Every parent worries about their kids’ safety, whether the concern is around bicycling, stranger danger or neighborhood bullies. As hard as it can be, it’s important for parents to teach kids how to look out for themselves (and their siblings). While many topics are covered at school or even on the playground, don’t assume kids have learned what they need to from another source. Here are some important tips to teach them first-hand:
Kids’ naturally curious minds want to know how things work. It is your job as their parent to make sure they know to leave these items alone, period.
Hardwiring fire safety into kids’ minds is key so that in a real emergency, they can quickly get past panic and do what they have been taught.
There is definitely strength in numbers. Whether they’re on the way home from school or on a field trip, make sure your kids know to stick together.
Today, many families don’t have a landline phone. Make sure your kids know how to call 911 from your phone (and have your password so they can). If they are too young to remember your address and other relevant information, post this somewhere convenient that they can reach. Be sure to also explain what is and is not a true emergency.
When you talk to your children about strangers, it’s important to keep the scary factor on the down low but also to make distinctions. Emphasize that all strangers aren’t bad, they’re simple people you don’t know. Explain who they can trust — police, firemen, teachers, restaurant or store employees. In some homes, the rule of thumb is that they can trust anyone with a uniform or a name tag.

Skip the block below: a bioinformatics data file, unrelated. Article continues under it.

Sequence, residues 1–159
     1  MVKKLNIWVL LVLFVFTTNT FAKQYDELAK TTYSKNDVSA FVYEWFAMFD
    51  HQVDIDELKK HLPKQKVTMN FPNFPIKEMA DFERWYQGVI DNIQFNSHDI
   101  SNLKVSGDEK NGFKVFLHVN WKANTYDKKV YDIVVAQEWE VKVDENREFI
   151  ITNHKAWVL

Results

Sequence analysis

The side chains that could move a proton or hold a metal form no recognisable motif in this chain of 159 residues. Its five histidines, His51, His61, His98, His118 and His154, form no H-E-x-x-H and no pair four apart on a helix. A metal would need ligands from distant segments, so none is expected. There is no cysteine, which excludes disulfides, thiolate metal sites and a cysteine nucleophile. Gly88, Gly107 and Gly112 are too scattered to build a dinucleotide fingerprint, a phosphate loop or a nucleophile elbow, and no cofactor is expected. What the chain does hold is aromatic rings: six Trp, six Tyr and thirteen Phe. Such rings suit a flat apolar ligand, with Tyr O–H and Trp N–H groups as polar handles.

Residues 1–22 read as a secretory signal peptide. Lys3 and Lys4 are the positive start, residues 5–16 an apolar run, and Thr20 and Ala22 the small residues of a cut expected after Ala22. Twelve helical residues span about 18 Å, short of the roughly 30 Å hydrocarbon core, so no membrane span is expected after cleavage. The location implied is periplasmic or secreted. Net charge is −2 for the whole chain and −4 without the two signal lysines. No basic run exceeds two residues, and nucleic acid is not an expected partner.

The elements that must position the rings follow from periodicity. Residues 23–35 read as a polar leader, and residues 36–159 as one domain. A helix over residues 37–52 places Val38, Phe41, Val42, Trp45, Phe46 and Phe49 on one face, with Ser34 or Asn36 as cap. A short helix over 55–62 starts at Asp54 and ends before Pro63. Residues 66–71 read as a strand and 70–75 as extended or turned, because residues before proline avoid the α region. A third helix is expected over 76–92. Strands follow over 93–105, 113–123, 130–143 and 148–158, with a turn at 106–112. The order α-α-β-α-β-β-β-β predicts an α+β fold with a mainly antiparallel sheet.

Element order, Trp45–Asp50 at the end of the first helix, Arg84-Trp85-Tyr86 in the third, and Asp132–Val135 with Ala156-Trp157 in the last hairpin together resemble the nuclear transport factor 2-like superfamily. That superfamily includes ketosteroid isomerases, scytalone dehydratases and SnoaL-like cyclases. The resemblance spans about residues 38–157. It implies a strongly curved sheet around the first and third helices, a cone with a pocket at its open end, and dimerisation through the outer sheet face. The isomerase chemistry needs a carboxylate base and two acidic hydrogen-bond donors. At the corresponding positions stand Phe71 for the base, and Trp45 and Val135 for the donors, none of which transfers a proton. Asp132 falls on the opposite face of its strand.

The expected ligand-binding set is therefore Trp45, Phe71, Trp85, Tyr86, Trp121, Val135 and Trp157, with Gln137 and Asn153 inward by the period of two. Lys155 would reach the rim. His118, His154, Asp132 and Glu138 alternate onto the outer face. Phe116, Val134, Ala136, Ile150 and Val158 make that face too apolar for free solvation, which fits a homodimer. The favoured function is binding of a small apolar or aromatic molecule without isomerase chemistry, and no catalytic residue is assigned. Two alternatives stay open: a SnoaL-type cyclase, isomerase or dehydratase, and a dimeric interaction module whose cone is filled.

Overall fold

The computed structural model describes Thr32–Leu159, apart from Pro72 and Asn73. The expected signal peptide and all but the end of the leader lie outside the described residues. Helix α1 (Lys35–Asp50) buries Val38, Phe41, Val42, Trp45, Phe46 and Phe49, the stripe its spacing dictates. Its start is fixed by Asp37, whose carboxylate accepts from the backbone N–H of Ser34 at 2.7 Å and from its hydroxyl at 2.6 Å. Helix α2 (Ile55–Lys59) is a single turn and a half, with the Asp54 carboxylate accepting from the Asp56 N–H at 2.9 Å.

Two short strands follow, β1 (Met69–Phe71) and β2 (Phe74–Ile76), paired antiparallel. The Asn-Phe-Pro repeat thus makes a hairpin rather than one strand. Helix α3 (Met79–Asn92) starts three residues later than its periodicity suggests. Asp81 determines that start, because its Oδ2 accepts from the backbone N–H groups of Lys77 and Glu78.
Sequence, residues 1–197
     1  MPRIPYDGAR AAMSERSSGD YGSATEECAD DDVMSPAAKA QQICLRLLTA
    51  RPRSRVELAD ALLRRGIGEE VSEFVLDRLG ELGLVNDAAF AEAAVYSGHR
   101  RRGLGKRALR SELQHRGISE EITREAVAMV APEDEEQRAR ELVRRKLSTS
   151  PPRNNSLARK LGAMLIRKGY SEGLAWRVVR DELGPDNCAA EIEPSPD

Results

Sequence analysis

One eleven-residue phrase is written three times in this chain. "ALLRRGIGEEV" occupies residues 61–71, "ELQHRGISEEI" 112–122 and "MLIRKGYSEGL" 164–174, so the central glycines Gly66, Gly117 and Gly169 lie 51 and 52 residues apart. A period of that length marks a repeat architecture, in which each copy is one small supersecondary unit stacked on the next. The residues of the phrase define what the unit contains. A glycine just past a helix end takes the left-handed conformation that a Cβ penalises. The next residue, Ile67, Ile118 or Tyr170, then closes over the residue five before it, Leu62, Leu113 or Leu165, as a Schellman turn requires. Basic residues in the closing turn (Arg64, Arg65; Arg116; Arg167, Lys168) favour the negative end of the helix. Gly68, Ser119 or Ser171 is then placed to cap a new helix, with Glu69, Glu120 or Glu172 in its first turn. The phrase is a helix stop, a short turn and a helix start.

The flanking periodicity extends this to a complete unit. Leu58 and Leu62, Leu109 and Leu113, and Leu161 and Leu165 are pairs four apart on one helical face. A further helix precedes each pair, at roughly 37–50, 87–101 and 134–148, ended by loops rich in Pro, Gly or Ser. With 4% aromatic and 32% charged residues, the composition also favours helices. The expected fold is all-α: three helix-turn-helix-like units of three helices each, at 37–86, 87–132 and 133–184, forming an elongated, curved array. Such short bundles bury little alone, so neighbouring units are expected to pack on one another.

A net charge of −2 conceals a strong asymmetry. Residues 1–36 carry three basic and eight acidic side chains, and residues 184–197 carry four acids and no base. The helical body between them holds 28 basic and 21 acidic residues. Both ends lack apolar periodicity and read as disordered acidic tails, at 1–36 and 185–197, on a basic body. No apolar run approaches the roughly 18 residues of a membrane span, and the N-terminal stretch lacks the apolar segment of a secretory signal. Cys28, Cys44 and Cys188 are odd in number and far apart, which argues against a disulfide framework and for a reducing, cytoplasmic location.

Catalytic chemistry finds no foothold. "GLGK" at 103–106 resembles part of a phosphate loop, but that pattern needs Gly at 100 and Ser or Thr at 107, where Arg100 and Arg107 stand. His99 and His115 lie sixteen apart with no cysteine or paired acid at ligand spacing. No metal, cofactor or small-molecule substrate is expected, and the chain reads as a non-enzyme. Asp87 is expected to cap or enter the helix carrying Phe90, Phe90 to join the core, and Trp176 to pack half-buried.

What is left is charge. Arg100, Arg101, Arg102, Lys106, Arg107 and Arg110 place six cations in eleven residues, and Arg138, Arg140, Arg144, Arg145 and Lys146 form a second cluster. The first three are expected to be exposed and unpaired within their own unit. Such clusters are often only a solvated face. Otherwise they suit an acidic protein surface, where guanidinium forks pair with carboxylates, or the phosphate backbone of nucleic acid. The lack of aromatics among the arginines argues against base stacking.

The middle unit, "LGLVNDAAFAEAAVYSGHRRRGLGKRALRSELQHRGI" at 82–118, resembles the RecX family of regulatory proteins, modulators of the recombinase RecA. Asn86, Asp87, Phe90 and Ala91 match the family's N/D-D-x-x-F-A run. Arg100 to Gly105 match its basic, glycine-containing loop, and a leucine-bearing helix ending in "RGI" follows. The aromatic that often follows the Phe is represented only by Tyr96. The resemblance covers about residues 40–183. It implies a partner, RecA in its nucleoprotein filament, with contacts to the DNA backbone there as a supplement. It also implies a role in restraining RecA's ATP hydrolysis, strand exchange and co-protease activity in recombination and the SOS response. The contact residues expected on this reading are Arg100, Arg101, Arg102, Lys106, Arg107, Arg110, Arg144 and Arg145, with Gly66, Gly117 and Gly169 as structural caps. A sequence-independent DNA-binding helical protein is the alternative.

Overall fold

Teach kids to trust their gut instinct when something just doesn’t seem right. Remind them that adults should never approach kids to ask for help — if an adult they don’t know approaches them asking for help, they should stay away. Trusting their instincts comes into play in interacting with other kids and with adults.
Talk with your kids about the best ways to react to a variety of different situations. Practice escape routes for fire or other emergencies. You don’t want to leave it to a child to figure out in a pinch when a real emergency happens. Knowing what to do will also help them keep their cool when put to the test.
Make sure kids know that it’s not ok for anyone — child or adult — to touch them in a way that they don’t like or on private areas of their body. And the reverse is true, they should not nudge, kick or hit other kids — even while playing. What seems like playing to one may not seem like playing to another.
This one can encompass a lot. Scenarios are different when biking versus walking, but the underlying theme remains the same — don’t cross the street until you know for sure it is safe to do so. This holds true even at stop signs. Too many drivers today are distracted by their smart phones or other technology, so your kids need to learn to walk and bike defensively.
As parents, there are many touchy topics that come up over the years. Personal safety is an important one. Parents can find ways to keep it fun by incorporating games for younger kids and by sharing examples with older kids. The time, effort — and yes, even awkwardness — that parents put in to prepare their kids is always well-spent.